Ocean Rates will Increase based on New IMO Sulphur Regulation
The International Maritime Organization announced that the Marine Sector will occur a cap on all sulphur emissions related to international waters effective January 1, 2020. The Marine Sector is required to reduce sulphur emissions by over 80%. In order to accomplish this, they must switch to lower sulphur fuels or install scrubbers. The current maximum limit for fuel oil Sulphur of 3.5 weight percent (wt%) will fall to 0.5 wt%.
What exactly is Sulphur?
According to the International Maritime Organization, “The main type of “bunker” oil for ships is heavy fuel oil, derived as a residue from crude oil distillation. Crude oil contains sulphur which, following combustion in the engine, ends up in ship emissions. Sulphur oxides (SOx) are known to be harmful to human health, causing respiratory symptoms and lung disease. In the atmosphere, SOx can lead to acid rain, which can harm crops, forests and aquatic species, and contributes to the acidification of the oceans.
Limiting SOx emissions from ships will improve air quality and protects the environment.
IMO regulations to reduce sulphur oxides (SOx) emissions from ships first came into force in 2005, under Annex VI of the International Convention for the Prevention of Pollution from Ships (known as the MARPOL Convention). Since then, the limits on sulphur oxides have been progressively tightened.
From 1 January 2020, the limit for sulphur in fuel oil used on board ships operating outside designated emission control areas will be reduced to 0.50% m/m (mass by mass). This will significantly reduce the amount of sulphur oxides emanating from ships and should have major health and environmental benefits for the world, particularly for populations living close to ports and coasts. The sulphur oxides regulation (MARPOL Annex VI, regulation 14) applies to all ships, whether they are on international voyages, between two or more countries; or domestic voyages, solely within the waters of a Party to the MARPOL Annex.”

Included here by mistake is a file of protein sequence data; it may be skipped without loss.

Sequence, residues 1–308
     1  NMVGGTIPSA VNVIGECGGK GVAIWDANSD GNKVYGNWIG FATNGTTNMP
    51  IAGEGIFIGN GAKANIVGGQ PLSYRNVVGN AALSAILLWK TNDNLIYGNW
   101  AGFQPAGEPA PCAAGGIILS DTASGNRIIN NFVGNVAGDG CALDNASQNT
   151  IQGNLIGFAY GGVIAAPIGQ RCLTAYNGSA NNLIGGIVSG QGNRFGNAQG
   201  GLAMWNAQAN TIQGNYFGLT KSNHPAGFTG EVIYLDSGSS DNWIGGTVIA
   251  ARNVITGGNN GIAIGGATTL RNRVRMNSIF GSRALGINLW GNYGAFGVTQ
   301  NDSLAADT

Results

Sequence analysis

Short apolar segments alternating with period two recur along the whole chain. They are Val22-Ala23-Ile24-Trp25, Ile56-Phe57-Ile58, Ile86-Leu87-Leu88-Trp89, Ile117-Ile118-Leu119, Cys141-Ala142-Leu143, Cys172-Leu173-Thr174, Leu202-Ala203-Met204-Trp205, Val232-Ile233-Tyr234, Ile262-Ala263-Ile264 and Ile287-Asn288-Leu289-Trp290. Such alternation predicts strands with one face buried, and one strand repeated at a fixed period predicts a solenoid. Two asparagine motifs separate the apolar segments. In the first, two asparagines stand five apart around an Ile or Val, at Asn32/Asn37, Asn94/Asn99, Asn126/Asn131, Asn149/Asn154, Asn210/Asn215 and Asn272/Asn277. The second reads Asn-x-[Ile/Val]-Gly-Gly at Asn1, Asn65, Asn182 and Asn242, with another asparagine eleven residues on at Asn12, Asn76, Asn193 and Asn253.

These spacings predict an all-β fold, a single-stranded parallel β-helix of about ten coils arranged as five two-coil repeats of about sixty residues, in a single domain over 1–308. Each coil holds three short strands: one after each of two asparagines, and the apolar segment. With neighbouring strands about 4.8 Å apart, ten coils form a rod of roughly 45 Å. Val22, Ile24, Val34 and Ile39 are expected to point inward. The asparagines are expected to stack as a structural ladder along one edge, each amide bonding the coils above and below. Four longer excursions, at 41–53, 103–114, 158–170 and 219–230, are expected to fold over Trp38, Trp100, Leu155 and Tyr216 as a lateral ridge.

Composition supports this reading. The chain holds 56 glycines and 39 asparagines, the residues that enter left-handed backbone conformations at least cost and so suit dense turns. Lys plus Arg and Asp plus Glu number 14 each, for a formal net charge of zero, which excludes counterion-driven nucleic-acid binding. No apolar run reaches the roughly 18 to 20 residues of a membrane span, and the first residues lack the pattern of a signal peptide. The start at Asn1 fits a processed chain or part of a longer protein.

How will this Affect Shippers?
According to Shipco, The Marine Sector consumes about 3.8 million barrels of fuel per day, responsible for half of the global fuel oil demand. The cost difference between IMO compliant and non-complaint fuels is significant. Ship operators that now need to change to a different fuel type, will now compete for fuel directly with truckers, railroads and airlines. In other words, ocean freight rates will increase or a surcharge will be implemented to cover fuel increases. We expect to see different fees from different carriers.Download IMO FAQ (pdf)